At the end of September 1894, after the publication of only two volumes of The Yellow Book, the Mathews-Lane partnership dissolved. Nelson’s study of the firm’s records at the time of the breakup leads him to conclude that “the Bodley Head was not only financially very sound but riding the crest of two new and impressive successes: George Egerton’s Keynotes, in its fourth printing, and the Yellow Book, the talk of the town” ( Early Nineties 106). Lane took both The Yellow Book and the Bodley Head sign as part of his share, with Mathews retaining the 6B Vigo Street premises, until being forced to relocate in 1912 when the building was sold for redevelopment (Mathews reopened a few blocks away, at 4A Cork Street). In the division of the partnership, the issue of who would retain which Bodley Head authors must have made Mathews painfully aware of the extent to which Lane had dominated the publishing side of the firm. Indeed, Lane seems to have used Mathews primarily as a means to launch himself independently as a publisher. As Mathews wrote to Yellow Book contributor William Rothenstein (1872-1945): “Of course as Lane took upon himself to run after the authors presumably for the firm, but as it now appears from his own avowal, really for himself, many of them therefore feel they ought to offer them [i.e., their books] to Lane,” adding, “I suppose there is no doubt the Editors of the Y. B. [ Yellow Book ] will offer it to Lane” (qtd. in Nelson, Early Nineties 273-74). While there was some acrimony in settling which publisher would retain which book rights and authors, “the two men concluded their partnership each with a sizeable list of publications and an adequate group of loyal authors” and “each publisher, by and large, retained for himself the books and journals he most favoured” (278). It must speak to Mathews’s personal and professional reputation that he went on to publish books by twenty of the writers who had published with the Mathews-Lane Bodley Head, which included Yellow Book contributors Richard Garnett (1835-1906), Lionel Johnson (1867-1902), Dollie Radford (1858-1922), and Arthur Symons (1865-1945). As well, he was to publish works by an additional eight Yellow Book contributors who had not been early Bodley Head authors: Douglas Ainslie (1865-1948), Laurence Alma Tadema (1865-1940), Ernest Dowson (1867-1900), Mrs. Arthur [Georgie] Gaskin (1866-1934), Edith Nesbit (1858-1924), Stephen Phillips (1864-1915), Lily Thicknesse (1862-1952), and William Butler Yeats (1865-1939). Lane may have been largely responsible for enlisting these authors for the Bodley Head and, with the co-editors, for the Yellow Book. However, these writers and artists evidently saw value in going on to publish with Mathews – and in some cases, with Lane as well.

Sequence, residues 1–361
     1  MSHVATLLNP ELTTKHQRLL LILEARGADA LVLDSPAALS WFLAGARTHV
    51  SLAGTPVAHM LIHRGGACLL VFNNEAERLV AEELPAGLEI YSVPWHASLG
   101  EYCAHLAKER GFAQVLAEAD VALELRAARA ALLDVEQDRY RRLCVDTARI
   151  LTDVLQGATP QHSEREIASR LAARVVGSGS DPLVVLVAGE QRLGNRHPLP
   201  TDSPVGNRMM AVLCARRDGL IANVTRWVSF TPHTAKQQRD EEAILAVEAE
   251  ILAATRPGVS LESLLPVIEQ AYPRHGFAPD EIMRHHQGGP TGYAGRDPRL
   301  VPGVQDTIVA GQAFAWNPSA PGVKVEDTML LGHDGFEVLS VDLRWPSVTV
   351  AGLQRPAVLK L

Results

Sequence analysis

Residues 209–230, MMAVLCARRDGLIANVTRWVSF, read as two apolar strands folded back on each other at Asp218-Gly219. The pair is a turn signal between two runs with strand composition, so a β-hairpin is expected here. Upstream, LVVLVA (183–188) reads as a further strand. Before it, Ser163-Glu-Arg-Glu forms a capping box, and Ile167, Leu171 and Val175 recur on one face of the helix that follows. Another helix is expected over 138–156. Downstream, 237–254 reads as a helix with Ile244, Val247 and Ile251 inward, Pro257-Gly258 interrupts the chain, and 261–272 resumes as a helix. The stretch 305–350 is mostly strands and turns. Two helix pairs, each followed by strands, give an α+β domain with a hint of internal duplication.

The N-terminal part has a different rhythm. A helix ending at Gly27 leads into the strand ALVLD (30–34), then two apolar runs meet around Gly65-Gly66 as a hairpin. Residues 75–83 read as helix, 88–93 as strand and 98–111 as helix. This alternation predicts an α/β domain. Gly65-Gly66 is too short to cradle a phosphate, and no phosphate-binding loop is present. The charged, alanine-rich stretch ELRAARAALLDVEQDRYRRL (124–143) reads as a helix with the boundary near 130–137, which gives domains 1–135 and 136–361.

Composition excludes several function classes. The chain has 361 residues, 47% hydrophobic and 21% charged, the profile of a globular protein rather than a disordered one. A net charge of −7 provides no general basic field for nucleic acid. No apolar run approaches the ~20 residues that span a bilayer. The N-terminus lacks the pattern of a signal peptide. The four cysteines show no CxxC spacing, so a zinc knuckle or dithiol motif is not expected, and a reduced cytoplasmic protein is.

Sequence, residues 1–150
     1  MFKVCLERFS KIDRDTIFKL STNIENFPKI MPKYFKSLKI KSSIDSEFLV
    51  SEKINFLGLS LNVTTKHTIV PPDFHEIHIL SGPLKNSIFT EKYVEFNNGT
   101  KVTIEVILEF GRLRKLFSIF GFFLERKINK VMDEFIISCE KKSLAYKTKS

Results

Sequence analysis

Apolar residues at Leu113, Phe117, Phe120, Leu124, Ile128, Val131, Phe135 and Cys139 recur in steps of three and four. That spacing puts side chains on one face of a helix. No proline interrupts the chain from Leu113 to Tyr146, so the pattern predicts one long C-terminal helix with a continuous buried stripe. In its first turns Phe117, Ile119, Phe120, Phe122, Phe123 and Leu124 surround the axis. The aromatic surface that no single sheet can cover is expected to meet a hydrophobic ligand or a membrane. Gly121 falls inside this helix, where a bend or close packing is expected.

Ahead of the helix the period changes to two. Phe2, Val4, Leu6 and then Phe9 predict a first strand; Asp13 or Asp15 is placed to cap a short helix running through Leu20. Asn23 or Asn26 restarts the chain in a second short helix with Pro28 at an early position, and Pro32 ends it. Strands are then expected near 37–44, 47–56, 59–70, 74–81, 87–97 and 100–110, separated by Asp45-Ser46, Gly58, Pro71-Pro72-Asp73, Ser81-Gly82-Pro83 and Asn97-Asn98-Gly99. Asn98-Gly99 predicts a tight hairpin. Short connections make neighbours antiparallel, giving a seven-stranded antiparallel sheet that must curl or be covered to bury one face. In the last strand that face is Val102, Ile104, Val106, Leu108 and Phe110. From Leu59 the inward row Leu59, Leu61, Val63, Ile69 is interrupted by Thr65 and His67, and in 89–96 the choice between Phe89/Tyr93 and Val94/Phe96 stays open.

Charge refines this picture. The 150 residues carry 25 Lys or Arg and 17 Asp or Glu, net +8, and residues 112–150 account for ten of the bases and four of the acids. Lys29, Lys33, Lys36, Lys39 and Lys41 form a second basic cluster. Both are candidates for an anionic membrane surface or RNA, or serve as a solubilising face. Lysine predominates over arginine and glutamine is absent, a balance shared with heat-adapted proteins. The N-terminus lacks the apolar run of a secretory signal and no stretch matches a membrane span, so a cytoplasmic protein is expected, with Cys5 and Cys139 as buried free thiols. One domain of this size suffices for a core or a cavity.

Against the view of Lane partisans such as Richard Le Gallienne and John Lewis May, Nelson argues that it was “Mathews, not Lane, who through the kind of books he published and the kind of business he maintained best carried on the tradition of the early Bodley Head in publishing” ( Early Nineties 279). In the analysis of Margaret D. Stetz and Mark Samuels Lasner, Mathews and Lane had fundamentally different ideas about their goals as publishers: “By 1894, what had begun as an antiquarian bookshop with a sideline in the production of pretty little volumes and limited editions had grown into a monster. Mathews […] could not follow Lane into the ‘decadent’ world of Naturalist fiction, feminist polemics, and Beardsleyan eroticism” (viii-ix). In Mathews’s subsequent solo career as a publisher, we get a clearer idea of the Bodley Head books and authors for which he would have taken the greatest solicitude. In essence, his later publishing career indicates that Mathews favoured the publishing of affordable (and profitable), attractive editions of poetry and belles lettres, as evinced through series like the Shilling Garland and the Vigo Cabinet. These brought many young writers (mostly poets) to the attention of the reading public, including some notable Irish and Americans and the Canadian Bliss Carman (1861-1929). In addition to those already mentioned, these included Richard Aldington (1892-1962), Laurence Binyon (1869-1943), Lord Dunsany (1878-1957), Ronald Firbank (1886-1926), James Elroy Flecker (1884-1915), James Joyce (1882-1941), John Masefield (1878-1967), Vincent O’Sullivan (1872-1940), Ezra Pound, J.M. Synge, the Cubist Max Weber, and William Carlos Williams. In his solo publishing career, Mathews should be acknowledged, in Robert Scholes’s opinion, as one of the few “small publishers who were so influential in British literary developments around the turn of the century” (qtd. in Nelson, Elkin Mathews 29). The early Bodley Head’s interest in publishing beautifully made, limited editions of poetry and belles lettres, rather than a spectrum of publications appealing to the broadest range of middle-class aesthetic and avant-garde readers that Lane always favoured (Stetz and Lasner vii-viii), surely must bear some of Mathews’s influence and foreshadows his vision and success in his later publishing career.
© 2015/2018, Jason Boyd
Jason Boyd is Associate Professor of English and Co-Director of the Centre for Digital Humanities at Ryerson University.
- Bodley, Thomas. The Life of Sir Thomas Bodley Written By Himself . London: John Lane The Bodley Head, 1894. The Yellow Nineties Online. Ed. Dennis Denisoff and Lorraine Janzen Kooistra. Ryerson University, 2012. Web. 13 May 2015.
- Coldwell, Joan. “Pamela Colman Smith and the Yeats Family.” Canadian Journal of Irish Studies, vol. 3, no. 2, 1977, pp. 27-34.
- “Jack B. Yeats’s A Broad Sheet.” Irish Studies Review, vol. 4, no. 15, 1996, p. 38.
- Le Gallienne, Richard. The Romantic ’90s. Garden City, NY: Doubleday, Page, 1925. Print.
- Nelson, James G. A Checklist of Early Bodley Head Books: 1889-1894 . Revised and Enlarged. Oxford: Rivendale, 1999. Print.
- —. The Early Nineties: A View From the Bodley Head . Cambridge, MA: Harvard UP, 1971. Print.
- —. Elkin Mathews: Publisher to Yeats, Joyce, Pound . Madison: U of Wisconsin P, 1989. Print.
- May, John Lewis. John Lane and the Nineties. London: John Lane The Bodley Head, 1936. Print.
- Stetz, Margaret D., and Mark Samuels Lasner. England in the 1890s: Literary Publishing at the Bodley Head . Washington, DC: Georgetown UP, 1990. Print.
Boyd, Jason. “Elkin Mathews (1851-1921),” Y90s Biographies . Yellow Nineties 2.0, edited by Lorraine Janzen Kooistra, Ryerson University Centre for Digital Humanities, 2019, https://www.1890s.ca/mathews_bio/